How to Audit-Proof Your Business
Police and auditors have one thing in common: they make even the most honest, law-abiding citizens nervous. After all, who hasn't felt their heart jump at the sound of a police siren close behind them even if they are obeying all traffic rules? Generally, the same feeling comes over people when the topic of an IRS audit arises.
Most taxpayers fear an audit because they don't know if they are adequately prepared. You may ask yourself: Did I save the right documentation? Are all my deductions legal? Can I answer all of the IRS' s questions? For the home-based business owner, however, these questions are even more pressing, so waiting for an audit to test their preparation is not the best option. By following some easy guidelines, they can take the guesswork out of keeping records.
Obviously, every deduction claimed needs to be documented, but many taxpayers aren't clear on what is adequate proof. The IRS does require more than just a few jottings in a notebook, but not much more. First, each deduction must be recorded with a copy of an invoice or bill. For example, if you are claiming your utilities expenses as a deduction, you need to keep a copy of each month's bill. In addition to proving the expenses were incurred, you must also prove they were paid. So along with that utilities bill, you may want to staple the canceled check or credit card statement that covered the charges. Receipts, bank statements, and even invoices stamped "paid" also count as evidence that the expenses were have been taken care of.
Along with documenting business expenses, all deposits must also be adequately documented to prove that you are reporting your profit correctly. If the funds are from payment for a service or product rendered by your company, you should attach a copy of the payment to the invoice it covers. Not only will this serve as documentation for the IRS, it will also help you keep track of paid and outstanding invoices from customers. Loans and other sources of company income must also be accompanied by all related paperwork.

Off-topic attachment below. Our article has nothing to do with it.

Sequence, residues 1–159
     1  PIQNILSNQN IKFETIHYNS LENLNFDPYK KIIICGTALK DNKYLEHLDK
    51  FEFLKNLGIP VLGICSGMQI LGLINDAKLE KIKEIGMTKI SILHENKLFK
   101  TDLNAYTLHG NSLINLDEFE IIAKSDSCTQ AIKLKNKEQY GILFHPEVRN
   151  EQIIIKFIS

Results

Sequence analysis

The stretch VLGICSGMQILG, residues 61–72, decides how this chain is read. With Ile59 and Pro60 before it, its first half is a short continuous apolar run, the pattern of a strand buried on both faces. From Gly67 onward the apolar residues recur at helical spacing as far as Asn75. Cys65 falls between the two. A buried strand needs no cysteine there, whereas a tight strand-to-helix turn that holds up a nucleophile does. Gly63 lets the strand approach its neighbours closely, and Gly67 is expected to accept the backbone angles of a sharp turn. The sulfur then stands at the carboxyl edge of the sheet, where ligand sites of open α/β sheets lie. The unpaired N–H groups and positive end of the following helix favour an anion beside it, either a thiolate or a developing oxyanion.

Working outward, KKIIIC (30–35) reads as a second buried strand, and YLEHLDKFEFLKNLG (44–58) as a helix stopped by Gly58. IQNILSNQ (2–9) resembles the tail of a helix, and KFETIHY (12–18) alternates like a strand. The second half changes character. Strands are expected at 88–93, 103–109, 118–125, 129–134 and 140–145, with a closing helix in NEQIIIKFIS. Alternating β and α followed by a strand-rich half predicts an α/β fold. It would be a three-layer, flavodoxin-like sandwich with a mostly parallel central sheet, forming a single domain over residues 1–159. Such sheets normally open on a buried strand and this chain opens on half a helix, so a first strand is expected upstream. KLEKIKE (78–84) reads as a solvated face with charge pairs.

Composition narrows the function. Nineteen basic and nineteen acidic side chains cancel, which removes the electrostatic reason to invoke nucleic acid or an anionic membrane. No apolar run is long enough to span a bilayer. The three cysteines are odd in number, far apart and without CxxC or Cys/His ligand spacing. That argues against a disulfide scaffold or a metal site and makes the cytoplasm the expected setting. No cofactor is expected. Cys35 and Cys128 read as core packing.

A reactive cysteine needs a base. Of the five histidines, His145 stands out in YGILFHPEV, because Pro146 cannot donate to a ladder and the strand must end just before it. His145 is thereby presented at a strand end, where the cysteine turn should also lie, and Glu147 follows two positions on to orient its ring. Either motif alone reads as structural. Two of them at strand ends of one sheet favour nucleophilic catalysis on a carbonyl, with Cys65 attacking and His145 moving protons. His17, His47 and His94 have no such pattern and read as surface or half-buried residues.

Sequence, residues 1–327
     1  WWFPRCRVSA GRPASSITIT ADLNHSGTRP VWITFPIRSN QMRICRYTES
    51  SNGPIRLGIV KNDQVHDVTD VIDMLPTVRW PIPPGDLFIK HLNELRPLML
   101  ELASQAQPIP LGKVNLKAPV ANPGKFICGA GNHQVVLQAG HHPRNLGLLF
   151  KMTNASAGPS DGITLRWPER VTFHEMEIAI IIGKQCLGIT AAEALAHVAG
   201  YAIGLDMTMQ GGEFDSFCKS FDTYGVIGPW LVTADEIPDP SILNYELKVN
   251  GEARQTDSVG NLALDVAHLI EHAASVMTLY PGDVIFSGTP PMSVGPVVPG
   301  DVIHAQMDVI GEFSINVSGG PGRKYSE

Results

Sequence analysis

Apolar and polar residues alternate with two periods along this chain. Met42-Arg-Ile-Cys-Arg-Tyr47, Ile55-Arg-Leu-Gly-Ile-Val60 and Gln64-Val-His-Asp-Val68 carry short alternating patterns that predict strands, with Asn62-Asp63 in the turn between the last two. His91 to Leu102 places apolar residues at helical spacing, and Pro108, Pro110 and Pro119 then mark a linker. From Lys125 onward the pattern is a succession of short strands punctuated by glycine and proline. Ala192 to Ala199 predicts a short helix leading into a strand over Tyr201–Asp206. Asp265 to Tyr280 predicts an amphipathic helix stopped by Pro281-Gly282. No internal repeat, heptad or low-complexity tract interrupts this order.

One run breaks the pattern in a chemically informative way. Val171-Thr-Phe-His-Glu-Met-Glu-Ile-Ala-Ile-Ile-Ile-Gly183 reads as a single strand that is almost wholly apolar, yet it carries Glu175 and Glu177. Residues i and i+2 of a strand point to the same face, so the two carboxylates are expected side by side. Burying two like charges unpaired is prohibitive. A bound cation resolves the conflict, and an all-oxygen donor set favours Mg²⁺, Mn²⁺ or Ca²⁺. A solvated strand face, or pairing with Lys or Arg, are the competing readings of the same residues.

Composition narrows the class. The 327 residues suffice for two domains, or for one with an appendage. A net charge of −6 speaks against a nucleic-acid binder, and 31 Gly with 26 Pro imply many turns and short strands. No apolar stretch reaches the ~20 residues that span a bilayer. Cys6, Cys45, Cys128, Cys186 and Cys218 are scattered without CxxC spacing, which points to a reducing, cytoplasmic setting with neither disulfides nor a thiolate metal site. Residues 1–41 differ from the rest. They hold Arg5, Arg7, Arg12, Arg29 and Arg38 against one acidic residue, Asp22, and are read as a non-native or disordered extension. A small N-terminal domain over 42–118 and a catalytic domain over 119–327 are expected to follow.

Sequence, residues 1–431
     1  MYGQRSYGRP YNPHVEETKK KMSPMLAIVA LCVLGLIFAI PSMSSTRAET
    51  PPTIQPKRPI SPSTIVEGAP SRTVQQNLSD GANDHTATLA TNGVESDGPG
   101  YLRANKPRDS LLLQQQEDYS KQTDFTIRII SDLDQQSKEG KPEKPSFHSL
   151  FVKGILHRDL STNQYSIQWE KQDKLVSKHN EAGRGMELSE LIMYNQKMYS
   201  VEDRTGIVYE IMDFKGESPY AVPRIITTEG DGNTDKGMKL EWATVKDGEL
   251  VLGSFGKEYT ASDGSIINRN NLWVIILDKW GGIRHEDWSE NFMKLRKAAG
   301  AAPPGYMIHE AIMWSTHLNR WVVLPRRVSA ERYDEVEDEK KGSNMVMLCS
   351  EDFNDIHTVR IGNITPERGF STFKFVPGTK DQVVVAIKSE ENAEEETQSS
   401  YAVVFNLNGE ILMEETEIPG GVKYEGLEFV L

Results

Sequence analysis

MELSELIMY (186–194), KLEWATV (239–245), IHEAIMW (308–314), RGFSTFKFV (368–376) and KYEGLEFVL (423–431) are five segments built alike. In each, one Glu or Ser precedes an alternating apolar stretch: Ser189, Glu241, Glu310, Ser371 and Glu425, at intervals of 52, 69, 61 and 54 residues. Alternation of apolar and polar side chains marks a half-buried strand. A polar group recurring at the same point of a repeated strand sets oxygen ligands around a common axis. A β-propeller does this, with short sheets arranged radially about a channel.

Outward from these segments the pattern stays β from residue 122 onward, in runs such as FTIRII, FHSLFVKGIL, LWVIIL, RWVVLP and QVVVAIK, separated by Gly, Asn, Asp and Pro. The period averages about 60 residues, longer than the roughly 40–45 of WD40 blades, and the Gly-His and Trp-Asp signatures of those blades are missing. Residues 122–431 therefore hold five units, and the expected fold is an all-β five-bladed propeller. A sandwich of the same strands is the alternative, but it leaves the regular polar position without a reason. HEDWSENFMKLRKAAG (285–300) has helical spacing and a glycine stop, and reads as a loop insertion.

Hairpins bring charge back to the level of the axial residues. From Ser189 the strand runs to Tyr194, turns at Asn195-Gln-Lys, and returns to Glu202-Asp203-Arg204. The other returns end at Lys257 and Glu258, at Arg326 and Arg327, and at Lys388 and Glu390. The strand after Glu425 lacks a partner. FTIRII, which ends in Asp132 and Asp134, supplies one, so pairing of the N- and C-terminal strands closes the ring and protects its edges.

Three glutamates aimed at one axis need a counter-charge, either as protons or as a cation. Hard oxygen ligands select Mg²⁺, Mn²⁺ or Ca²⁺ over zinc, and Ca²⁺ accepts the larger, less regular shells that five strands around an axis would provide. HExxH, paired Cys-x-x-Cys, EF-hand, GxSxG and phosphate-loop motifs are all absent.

Additional documentation is also required when a home-based business owner keeps his or her children, spouse, or other relatives on staff in order to claim their wages as a tax-deductible company expense. For the record, always pay every staff member by check and have each person keep a written record of their work, including total number of hours, date of work, and type of activity accomplished. In addition, you should also request a written estimate from a professional for the same services. For instance, if your spouse maintains your company's web site, you need to find what a professional Webmaster charges in order to substantiate your spouse's salary.
Besides keeping track of expenses, income, and wages, you must also have proof that your company intended to produce a profit. A business plan can serve as evidence that you are serious about generating revenue with your company. The plan will also provide written documentation of the expenses you plan to incur and will help keep you organized.
Overall, the best way to ease your concern over an audit is through preparation. By keeping records and documentation on everything, you'll have nothing to fear if you are one of the .5% of taxpayers selected for an audit.
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